Kuria community to use cultural intervention in search of illegal firearms

The Kuria Council of Elders has resolved to use cultural intervention through “Engoro’ (a traditional communal ceremony) to assist government mop-up illegal firearms in the community.

The Council’s action comes amid persistent violent crimes carried out by heavily armed robbers in the region.

The State has in the past years issued several amnesties to suspected community members possessing illicit firearms to surrender them but the gestures have not been fruitful as anticipated.

‘Engoro’ is a traditional communal ceremony performed by the elders against all the suspects who refuse to comply with the communal appeal to desist from a condemned practice.

It is believed that bad omen befalls those who take part in the ceremony yet they know they are guilty of the accusations leveled against them.

The cultural practice is regarded by the Kuria’s four clans of Abanyabasi and Abairege of Kuria East and Abakira and Abagumbe of Kuria West as the last option to condemn the suspects who are in denial of possessing illegal guns or have done something condemned communally.

Members of the highly regarded Council from the four clans met at Chinato area over the weekend to deliberate on the best way to prop up suspects in the region to surrender the weapons.

According to our sources, the Council affirmed its commitment to ensure all illegal guns in the possession of gangs promoting cattle theft, loss of lives and properties in the region are recovered.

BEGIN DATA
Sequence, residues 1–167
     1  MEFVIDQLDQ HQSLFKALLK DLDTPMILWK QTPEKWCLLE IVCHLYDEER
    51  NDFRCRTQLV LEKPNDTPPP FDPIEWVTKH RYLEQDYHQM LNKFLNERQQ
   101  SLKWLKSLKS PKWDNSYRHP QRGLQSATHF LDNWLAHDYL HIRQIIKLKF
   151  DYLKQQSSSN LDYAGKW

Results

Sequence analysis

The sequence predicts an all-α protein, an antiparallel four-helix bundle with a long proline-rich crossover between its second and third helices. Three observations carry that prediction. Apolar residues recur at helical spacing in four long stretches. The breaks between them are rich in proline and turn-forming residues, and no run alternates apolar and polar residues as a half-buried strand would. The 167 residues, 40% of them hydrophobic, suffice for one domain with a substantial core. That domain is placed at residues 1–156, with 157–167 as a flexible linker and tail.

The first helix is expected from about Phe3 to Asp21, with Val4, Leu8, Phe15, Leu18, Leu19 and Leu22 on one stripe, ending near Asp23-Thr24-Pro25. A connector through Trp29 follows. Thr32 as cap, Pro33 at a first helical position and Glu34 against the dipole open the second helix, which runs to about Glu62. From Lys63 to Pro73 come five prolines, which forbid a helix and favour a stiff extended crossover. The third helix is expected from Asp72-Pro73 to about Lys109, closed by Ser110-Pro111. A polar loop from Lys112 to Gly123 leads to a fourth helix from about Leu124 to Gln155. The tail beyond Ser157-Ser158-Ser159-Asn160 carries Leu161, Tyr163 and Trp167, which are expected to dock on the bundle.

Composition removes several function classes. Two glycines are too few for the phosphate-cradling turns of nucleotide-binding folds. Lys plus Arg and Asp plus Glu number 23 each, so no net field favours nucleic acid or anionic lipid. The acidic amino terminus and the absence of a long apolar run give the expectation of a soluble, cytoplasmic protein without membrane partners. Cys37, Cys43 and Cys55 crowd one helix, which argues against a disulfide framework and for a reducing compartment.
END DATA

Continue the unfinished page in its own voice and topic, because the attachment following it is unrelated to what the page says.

National Government Administration forces in collaboration with the civil society have been organizing peace caravans while clan elders have been moving between Migori and Trans Mara Counties, preaching to the members of the Maasai, Kipsigis and the Kuria communities to hand over all the illegal guns in their possession but in vain.

Migori County Commissioner, Boaz Cherutich, welcomed the move by the Council of elders and urged those from the Maasai and Kipsigis to follow suit saying it will enhance peaceful co-existence in the region.

“We will definitely support the Council by all means, if its move will help clean the region of illegal guns in the hands of criminals who are causing residents sleepless nights,” Cherutich said.




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